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After 47 years, Milan still recalls its dream game

Memorabilia on display at Milan shop

Ben Fronczek
Staff Writer

(June 2001) Milan, In –There are probably many debates over what marked the top Indiana event in sports history.

Milan Museum

Not among the people in Milan, though. Just look at the town’s water tower, which pays tribute to the 1954 Milan High School championship basketball team.
This 13-man team from this small, rural town in southeastern Indiana made history the evening of March 20, 1954, when it upset the highly favored Muncie Central at Butler Univer-sity’s Hinkle Fieldhouse in Indianapolis. Artifacts, books, movies and memories have kept alive the story of what has been considered by many a prime example of David defeating Goliath. Anyone who has seen the 1986 movie “Hoosiers” knows this.
Even today, the score rings loud here: Milan 32, Muncie Central 30. The winning basket by Bobby Plump is the moment that will not perish from this town’s pride. An example is the nostalgic display at the Milan Station Antiques and Collectibles, located on State Road 101 in Milan.
The store’s owner, Roselyn McKittrick, has spent the last 30 years dreaming up a display paying tribute to the championship team. It now sits in the middle of her store but someday could rest in a museum across the street.
“This was voted the number one sports story in Indiana for the century by the Sports Writers of Indiana,” says McKittrick. “Sports Illustrated voted it No. 12 for the century.”
McKittrick’s tribute to the legendary team sits in an obvious corner of her store. She has built lockers that house jerseys, trophies and old basketball shoes donated by the players themselves. Old newspaper clippings of the era line the surrounding tables. A blackboard to the right showcases a strategic drawing of Plump’s winning shot. A poster of “Hoosiers” rests right across the room.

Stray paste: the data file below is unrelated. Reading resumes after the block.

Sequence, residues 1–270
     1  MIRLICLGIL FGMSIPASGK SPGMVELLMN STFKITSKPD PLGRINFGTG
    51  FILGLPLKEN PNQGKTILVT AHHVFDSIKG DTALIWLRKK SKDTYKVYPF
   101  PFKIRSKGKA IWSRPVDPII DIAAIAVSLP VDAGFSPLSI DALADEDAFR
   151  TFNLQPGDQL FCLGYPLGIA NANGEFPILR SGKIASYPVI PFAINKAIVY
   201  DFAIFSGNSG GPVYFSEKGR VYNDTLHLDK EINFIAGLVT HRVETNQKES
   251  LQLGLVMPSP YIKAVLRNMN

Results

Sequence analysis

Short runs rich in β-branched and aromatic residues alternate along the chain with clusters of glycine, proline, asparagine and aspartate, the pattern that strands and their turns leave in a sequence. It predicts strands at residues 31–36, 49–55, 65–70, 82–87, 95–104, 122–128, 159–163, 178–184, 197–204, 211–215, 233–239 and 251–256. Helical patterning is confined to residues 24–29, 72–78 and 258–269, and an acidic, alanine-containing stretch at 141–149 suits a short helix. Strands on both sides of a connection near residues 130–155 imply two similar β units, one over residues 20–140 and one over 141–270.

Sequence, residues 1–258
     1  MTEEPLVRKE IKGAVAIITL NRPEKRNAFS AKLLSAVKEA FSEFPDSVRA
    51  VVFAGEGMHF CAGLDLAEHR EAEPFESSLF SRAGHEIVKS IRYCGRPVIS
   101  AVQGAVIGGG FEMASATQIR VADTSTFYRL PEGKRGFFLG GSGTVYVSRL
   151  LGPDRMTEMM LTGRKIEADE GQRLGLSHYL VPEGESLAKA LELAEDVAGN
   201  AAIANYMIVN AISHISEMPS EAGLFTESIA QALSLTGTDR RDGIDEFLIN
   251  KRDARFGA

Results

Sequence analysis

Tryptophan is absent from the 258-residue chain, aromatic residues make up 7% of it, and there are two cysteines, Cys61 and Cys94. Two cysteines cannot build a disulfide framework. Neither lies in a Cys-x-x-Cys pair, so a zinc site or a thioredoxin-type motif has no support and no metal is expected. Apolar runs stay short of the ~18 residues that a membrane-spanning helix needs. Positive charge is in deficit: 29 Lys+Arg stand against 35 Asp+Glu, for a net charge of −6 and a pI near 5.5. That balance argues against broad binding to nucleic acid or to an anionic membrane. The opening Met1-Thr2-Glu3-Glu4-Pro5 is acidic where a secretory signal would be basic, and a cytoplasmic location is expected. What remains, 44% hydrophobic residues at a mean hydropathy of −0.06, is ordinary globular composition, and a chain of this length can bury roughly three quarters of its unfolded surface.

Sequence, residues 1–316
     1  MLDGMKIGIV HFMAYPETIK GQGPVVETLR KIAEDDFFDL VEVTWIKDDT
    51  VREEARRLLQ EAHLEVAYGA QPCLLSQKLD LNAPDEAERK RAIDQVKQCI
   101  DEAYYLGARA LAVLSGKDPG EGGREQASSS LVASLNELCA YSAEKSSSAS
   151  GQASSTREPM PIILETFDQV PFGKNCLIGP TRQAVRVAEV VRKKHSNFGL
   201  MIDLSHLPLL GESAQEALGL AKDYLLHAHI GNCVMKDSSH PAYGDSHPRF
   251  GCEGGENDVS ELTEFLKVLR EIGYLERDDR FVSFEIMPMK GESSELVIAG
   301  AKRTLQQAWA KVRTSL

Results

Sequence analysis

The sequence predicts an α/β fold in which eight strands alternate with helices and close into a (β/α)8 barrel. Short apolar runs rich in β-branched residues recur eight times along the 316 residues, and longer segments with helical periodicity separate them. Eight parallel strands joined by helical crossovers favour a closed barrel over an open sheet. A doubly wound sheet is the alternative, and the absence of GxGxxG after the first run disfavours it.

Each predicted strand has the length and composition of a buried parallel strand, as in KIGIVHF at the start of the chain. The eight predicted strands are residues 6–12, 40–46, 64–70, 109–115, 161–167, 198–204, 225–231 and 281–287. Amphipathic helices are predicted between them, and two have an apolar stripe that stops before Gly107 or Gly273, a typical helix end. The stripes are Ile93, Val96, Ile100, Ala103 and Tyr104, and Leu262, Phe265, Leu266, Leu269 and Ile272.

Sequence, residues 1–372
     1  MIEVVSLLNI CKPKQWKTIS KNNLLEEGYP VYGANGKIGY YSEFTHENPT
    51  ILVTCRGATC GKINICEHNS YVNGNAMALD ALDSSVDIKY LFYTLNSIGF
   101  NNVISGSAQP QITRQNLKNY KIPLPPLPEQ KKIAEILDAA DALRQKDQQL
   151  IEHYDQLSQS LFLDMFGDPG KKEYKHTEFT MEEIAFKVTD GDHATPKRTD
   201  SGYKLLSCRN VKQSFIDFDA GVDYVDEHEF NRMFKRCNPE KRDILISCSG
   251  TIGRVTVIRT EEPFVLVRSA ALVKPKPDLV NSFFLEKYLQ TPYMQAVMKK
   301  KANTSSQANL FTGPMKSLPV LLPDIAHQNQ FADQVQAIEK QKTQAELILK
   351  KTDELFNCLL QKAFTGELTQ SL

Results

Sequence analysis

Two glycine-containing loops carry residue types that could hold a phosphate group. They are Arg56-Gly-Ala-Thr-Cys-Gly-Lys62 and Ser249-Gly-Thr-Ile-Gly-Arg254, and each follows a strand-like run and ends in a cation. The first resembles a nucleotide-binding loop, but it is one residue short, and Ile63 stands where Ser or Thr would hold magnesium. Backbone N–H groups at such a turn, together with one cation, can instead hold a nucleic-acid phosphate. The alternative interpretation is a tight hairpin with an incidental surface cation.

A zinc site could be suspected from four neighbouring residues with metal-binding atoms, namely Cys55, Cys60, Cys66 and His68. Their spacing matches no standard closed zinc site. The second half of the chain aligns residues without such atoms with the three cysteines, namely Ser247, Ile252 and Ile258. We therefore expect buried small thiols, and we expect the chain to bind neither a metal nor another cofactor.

Not far away is an autographed basketball by NBA legend Oscar Robertson, who played against Milan when at Crispus Attacks High School in Indianapolis.
The appeal of this landmark event has been strong enough to impact McKittrick, even though she is not a Milan native and did not attend the historic game. She was living in Washington, D.C., at the time.
“These men accomplished something known worldwide,” she says. “I just love the story. Most of them were farm boys. They walked three to four miles from home but wouldn’t think anything about it because they just wanted to play basketball.”
The appeal is contagious, too. Many still recall the Cinderella story of Milan defeating Muncie Central.
“I have had people come from all over the world,” she added. “People just see the name Milan and are drawn to it just because they remember the story. Someone once said the whole state of Indiana was rooting for the (Milan) Indians, except for Muncie.”
“It was a once-in-a-lifetime deal,” said Ken Wendelman, a Versailles resident who played forward on the 1954 team. “We beat supposedly the best in the state. Nobody was supposed to beat Muncie Central.”
North Vernon resident Don Voss, who attended the game, still remembers the thrill in the air that evening.
“It was awesome, unbelievable,” said Voss of Milan’s victory. “The fieldhouse was going berserk. The players were fantastic and always will be.”
“You can still hear everybody yelling for Milan,” said Eleanor Nichols, who was also at the game. “You couldn’t believe that sound. They couldn’t believe this little school.”
McKittrick has been assisted in organizing the museum by the Ripley County Tourism Bureau.
“When the movie ‘Hoosiers’ was on TV, my phone rang off the hook for the next week,” said Lydia Woodward, director of the Ripley County Tourism Bureau. “We are in the process of buying the building and getting a permanent structure up by 2004.”
The year 2004 will mark the 50th anniversary of the state championship.
Meanwhile, the precious antiques of Milan basketball found in McKittrick’s store continue to keep their luster.

• Call (812) 654-2772 for information.

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